Robert Putnam is giving a talk at the Aspen Ideas Festival called “Requiem for the American Dream? Unequal Opportunity in America.” It’s a project in its middle stages, he says. If a book comes out of the research, it’s a year or two out.
NOTE: Live-blogging. Getting things wrong. Missing points. Omitting key information. Introducing artificial choppiness. Over-emphasizing small matters. Paraphrasing badly. Not running a spellpchecker. Mangling other people’s ideas and words. You are warned, people.
There’s a difference between the inequality of income and wealth, and inequality of opportunity. Historically Americans have not cared much about income inequality…less than is typical of the rest of the world. But we do care about unequal opportunity and unequal social mobility. Concern about income inequality has sometimes divided along party lines, but not opportunity inequality. Historically we’ve been better than most other countries in the distribution of opportunity.
Income distribution has become more skewed since the 1970s in America, and in many other countries. We’ve also become a more class-segregated society, even as we’ve become less segregated by race and religion. Class segregation is increasing by residence, education, organization, and marriage; i.e., it’s less likely you’ll marry outside of your class. There’s also been a fraying of family and social bonds within the working class. Robert asks if this has an effect on the growing inequality of opportunity.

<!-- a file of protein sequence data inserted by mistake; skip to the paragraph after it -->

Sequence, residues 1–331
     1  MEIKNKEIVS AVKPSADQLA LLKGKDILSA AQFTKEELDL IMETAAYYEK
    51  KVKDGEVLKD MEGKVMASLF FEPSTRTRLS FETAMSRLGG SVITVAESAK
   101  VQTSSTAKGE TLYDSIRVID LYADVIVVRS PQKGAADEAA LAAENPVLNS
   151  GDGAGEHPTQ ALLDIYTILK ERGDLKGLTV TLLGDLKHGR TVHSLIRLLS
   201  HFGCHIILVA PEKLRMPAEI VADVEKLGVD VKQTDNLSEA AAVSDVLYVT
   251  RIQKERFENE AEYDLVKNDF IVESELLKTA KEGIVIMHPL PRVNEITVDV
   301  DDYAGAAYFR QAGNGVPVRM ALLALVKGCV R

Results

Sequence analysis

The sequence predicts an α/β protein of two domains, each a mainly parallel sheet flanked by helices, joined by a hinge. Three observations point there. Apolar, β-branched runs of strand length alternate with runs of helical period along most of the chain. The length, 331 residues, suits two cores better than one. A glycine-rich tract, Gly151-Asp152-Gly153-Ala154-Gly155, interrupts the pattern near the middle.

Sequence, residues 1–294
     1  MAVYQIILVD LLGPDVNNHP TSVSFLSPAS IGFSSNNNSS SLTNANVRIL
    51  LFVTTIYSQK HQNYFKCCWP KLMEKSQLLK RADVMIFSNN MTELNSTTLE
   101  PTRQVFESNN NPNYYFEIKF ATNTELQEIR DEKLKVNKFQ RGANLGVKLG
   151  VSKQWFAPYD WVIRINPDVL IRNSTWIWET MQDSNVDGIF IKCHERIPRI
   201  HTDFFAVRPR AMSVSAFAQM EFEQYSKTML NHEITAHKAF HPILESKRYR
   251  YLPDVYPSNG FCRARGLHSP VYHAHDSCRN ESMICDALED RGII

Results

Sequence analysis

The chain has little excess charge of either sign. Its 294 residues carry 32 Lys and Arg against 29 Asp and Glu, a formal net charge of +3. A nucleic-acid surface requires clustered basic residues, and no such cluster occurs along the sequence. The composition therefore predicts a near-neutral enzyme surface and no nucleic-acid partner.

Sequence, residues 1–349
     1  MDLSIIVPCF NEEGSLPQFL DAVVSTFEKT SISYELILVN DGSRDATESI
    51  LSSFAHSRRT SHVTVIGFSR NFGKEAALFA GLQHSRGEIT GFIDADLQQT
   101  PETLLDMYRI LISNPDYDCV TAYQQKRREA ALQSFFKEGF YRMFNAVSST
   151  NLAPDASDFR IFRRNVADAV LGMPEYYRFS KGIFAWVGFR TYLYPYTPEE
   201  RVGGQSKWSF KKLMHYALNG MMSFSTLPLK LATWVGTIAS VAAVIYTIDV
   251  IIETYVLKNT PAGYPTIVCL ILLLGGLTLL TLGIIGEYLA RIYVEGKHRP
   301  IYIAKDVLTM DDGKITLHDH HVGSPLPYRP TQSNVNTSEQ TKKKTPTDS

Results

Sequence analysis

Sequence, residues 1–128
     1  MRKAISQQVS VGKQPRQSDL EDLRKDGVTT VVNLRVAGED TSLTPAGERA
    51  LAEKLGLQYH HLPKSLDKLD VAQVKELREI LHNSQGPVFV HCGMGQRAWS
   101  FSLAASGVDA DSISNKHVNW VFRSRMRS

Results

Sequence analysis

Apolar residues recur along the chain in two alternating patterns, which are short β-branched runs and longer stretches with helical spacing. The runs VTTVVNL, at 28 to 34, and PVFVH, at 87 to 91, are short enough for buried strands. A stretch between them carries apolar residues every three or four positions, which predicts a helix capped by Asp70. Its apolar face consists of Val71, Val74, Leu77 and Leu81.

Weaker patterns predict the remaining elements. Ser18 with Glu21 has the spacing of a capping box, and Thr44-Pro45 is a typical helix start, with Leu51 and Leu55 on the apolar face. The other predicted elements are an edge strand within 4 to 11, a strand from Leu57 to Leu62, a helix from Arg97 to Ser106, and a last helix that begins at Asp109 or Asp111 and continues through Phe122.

He talks about his methodology. The standard way of measuring social mobility compares 30-somethings’ economic/educational/social standing with their parents’ standing when the parents were in their 30s. But this means all the action is at least twenty years old; the latest studies look at people raised in the 1980s. Robert is instead looking at today’s kids, to avoid the 20-30 year old blind spot in the rearview mirror. “If we look out the windshield, we’re about to go over a cliff when it comes to social mobility…Social mobility and opportunity are going to plummet.”
If something is important enough to write about, it ought to show up in multiple measures, he says. He will show us robust patterns in multiple data sources, focusing only on class differences. He’s only looking at white youth for now, because while racial gaps remain important, they are increasingly based on class, not race. It’s important to look at race issues, but that’s not what Robert is considering. He says if you look at race as well, the social mobility trends look even worse. So, he’s going to show us growing class gaps over the past 30 years among white kids with 2-parent families.
He shows charts. The rate of births to unmarried mothers who are college grads hasn’t changed. But the percentage of those births to women with some college and women with no college has significantly increased. About a third of the births to unmarried women are to women with some college; it’s about half for women with no college. Meanwhile, the racial gap (i.e., race controlling for class) fell dramatically while the class gap (class controlling for race) grew at about the same rate. I.e., high school educated white folks are behaving more and more like high school educated non-white folks. “I’m not saying race doesn’t matter. I’m saying class matters a whole lot more. And race matters a whole lot less.”
Another chart. ” Over the last two decades or so, white kids coming from less educated, less well-off backgrounds are more and more going through life with only one parent at home.”